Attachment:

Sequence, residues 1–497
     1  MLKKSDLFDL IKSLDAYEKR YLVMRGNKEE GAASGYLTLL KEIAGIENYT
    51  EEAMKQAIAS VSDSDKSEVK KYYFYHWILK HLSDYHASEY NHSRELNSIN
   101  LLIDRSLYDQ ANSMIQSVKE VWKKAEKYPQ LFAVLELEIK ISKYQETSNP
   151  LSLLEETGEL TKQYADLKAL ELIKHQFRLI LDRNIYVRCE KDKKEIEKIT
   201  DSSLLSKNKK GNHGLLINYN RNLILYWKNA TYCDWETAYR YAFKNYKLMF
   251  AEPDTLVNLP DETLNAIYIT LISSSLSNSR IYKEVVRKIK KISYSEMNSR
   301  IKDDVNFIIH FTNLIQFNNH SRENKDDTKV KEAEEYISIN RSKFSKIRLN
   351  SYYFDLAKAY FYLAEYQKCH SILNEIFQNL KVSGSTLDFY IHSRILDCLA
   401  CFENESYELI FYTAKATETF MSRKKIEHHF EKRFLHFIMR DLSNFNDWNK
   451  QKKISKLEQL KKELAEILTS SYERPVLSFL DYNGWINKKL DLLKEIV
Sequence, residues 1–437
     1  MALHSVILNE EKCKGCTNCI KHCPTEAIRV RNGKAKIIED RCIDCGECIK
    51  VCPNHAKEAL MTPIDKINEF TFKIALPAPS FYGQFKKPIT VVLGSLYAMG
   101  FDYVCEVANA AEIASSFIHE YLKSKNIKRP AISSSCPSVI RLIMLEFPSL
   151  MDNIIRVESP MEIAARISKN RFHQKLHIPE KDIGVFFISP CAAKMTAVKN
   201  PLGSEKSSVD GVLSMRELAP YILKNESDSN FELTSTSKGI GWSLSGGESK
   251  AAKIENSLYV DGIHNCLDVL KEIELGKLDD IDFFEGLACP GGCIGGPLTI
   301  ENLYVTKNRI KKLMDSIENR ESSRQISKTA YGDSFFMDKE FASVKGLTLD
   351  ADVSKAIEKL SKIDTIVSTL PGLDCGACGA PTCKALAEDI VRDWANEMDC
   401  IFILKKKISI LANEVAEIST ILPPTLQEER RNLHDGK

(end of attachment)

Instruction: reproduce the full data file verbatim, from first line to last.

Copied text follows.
Sequence, residues 1–497
     1  MLKKSDLFDL IKSLDAYEKR YLVMRGNKEE GAASGYLTLL KEIAGIENYT
    51  EEAMKQAIAS VSDSDKSEVK KYYFYHWILK HLSDYHASEY NHSRELNSIN
   101  LLIDRSLYDQ ANSMIQSVKE VWKKAEKYPQ LFAVLELEIK ISKYQETSNP
   151  LSLLEETGEL TKQYADLKAL ELIKHQFRLI LDRNIYVRCE KDKKEIEKIT
   201  DSSLLSKNKK GNHGLLINYN RNLILYWKNA TYCDWETAYR YAFKNYKLMF
   251  AEPDTLVNLP DETLNAIYIT LISSSLSNSR IYKEVVRKIK KISYSEMNSR
   301  IKDDVNFIIH FTNLIQFNNH SRENKDDTKV KEAEEYISIN RSKFSKIRLN
   351  SYYFDLAKAY FYLAEYQKCH SILNEIFQNL KVSGSTLDFY IHSRILDCLA
   401  CFENESYELI FYTAKATETF MSRKKIEHHF EKRFLHFIMR DLSNFNDWNK
   451  QKKISKLEQL KKELAEILTS SYERPVLSFL DYNGWINKKL DLLKEIV
Sequence, residues 1–437
     1  MALHSVILNE EKCKGCTNCI KHCPTEAIRV RNGKAKIIED RCIDCGECIK
    51  VCPNHAKEAL MTPIDKINEF TFKIALPAPS FYGQFKKPIT VVLGSLYAMG
   101  FDYVCEVANA AEIASSFIHE YLKSKNIKRP AISSSCPSVI RLIMLEFPSL
   151  MDNIIRVESP MEIAARISKN RFHQKLHIPE KDIGVFFISP CAAKMTAVKN
   201  PLGSEKSSVD GVLSMRELAP YILKNESDSN FELTSTSKGI GWSLSGGESK
   251  AAKIENSLYV DGIHNCLDVL KEIELGKLDD IDFFEGLACP GGCIGGPLTI
   301  ENLYVTKNRI KKLMDSIENR ESSRQISKTA YGDSFFMDKE FASVKGLTLD
   351  ADVSKAIEKL SKIDTIVSTL PGLDCGACGA PTCKALAEDI VRDWANEMDC
   401  IFILKKKISI LANEVAEIST ILPPTLQEER RNLHDGK